Video Reviews
Chobits, Vol. 1: Persocom
by Morio Asaka
Madhouse (2002)
Chobits, Vol. 1: Persocom
8 / 10
Though it draws from a wide range of influences--including the Greek myth of Pygmalion and Galatea, Fritz Lang's Metropolis, 1980s American sitcom Small Wonder, the Japanese sex trade, and the pervasive influence of the Internet--I can honestly say that I've never seen anything quite like Chobits.

Based faithfully on the bestselling manga by the all-star, all-female artists' cell CLAMP, Chobits is so completely bizarre, you can't help but be drawn into its 22nd century world, where computers have evolved into Persocoms, walking, talking robots that can be programmed to fulfill your every whim, from housekeeping to...uhm, yeah. The animation style is slick, with clever 'mouse clicking' sound effects between scenes, and a lush, pastel-drenched color palette.

In the story, farm yokel/aspiring college student Hideki is too poor to afford a Persocom of his own, despite his fervent desire to surf the Internet and look at porno sites. Shortly after moving to Tokyo, and revealing his major character trait--he falls in lust with every attractive woman he meets--Hideki has the 'good fortune' to stumble upon a discarded female Persocom in an alleyway. He takes the Persocom, who cannot say anything other than 'Chi,' home with him. I think you can guess where the on/off switch is located. And wacky situation comedy ensues.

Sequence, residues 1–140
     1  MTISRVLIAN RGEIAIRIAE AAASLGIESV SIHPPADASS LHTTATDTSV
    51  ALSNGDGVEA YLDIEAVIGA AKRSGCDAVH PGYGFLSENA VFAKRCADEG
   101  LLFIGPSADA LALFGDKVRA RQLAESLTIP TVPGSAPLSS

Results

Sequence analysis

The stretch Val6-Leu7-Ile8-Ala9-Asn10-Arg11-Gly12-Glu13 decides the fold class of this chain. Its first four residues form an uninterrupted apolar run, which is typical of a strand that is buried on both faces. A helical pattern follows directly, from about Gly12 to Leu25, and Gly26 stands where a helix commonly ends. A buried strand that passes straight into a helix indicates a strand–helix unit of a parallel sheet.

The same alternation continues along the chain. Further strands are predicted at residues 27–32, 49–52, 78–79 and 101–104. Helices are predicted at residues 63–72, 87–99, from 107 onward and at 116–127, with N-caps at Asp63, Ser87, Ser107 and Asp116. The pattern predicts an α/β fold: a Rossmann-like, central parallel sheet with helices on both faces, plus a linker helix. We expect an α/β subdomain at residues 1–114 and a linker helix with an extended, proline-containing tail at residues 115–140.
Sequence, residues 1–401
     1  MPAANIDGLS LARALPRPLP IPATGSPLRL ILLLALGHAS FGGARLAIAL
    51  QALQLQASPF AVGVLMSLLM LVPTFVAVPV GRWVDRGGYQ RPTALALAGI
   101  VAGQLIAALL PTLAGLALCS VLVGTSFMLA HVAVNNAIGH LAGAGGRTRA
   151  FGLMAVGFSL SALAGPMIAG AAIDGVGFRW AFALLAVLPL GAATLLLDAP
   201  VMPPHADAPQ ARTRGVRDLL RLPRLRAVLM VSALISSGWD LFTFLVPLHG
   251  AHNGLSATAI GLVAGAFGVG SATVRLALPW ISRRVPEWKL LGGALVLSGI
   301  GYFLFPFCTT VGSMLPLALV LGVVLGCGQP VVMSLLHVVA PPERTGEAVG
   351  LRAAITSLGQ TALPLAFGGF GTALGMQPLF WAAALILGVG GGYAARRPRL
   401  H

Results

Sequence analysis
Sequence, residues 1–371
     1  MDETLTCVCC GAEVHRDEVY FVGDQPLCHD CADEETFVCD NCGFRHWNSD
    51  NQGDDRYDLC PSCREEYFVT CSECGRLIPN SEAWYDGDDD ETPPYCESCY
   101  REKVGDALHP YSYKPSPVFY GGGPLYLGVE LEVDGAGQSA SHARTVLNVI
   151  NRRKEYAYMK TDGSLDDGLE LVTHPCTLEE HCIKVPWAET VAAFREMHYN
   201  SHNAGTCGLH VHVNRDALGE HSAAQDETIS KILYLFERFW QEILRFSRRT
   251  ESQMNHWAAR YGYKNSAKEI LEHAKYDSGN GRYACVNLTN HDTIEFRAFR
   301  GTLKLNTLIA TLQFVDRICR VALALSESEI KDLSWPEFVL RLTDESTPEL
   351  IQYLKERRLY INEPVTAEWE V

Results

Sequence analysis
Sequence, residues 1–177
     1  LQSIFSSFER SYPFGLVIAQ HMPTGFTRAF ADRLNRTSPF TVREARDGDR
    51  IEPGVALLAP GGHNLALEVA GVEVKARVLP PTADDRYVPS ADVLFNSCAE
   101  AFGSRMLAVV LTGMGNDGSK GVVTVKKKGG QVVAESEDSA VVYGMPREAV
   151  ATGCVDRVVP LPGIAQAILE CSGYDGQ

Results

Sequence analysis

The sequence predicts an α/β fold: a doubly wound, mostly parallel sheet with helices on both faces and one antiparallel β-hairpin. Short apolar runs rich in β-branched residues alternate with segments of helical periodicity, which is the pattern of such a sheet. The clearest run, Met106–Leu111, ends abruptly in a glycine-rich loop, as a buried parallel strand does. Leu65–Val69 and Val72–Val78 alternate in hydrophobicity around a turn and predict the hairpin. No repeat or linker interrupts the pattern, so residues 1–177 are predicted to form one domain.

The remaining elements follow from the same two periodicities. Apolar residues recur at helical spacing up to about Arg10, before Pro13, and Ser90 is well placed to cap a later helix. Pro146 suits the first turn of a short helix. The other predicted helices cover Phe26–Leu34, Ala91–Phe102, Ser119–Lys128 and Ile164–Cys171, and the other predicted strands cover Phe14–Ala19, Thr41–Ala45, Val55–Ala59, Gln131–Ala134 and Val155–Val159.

Hideki has to juggle typical student responsibilities--classes, bills, and romance with real live girls--with the peculiar responsibility of 'programming' Chi. A trip to a local geek's lab reveals that Chi might be a 'Chobits,' a custom-made Persocom without a recognizable operating system. Chi fries every Persocom she's linked to, but thanks to an internal learning module, she can learn from Hideki just as a child would, through repetition and mimickry.

This shortcoming leads to an inevitable range of sight gags and misunderstandings, with Chi's smiling blonde chibi countenance veering ever-closer to the fated 'Uncanny Valley,' from which no android may return. It quickly becomes obvious that Hideki has a crush on Chi, explaining the theme song's sweetly threatening chorus: "Let Me Be With You."

Is Hideki merely programming an advanced blow-up doll, or is he slowly falling for a creature with real feelings, trapped inside a warm silicone shell? Will he ever find the courage to buy Chi some underpants? Will he be able to carry on a relationship with a real woman while squiring this android around? Why would an all-female manga team write this story? Why is a "Chi Body Pillow" one of the tie-in merchandise items for this series? Why are the Japanese so obsessed with the concept of the female as 'tabula rasa,' and the idea of 'doing your best?' Chobits asks all these tough questions in quick succession, leaving viewers to draw their own conclusions.
Posted by: J. Bowers

Video Reviews (May 15th, 2007)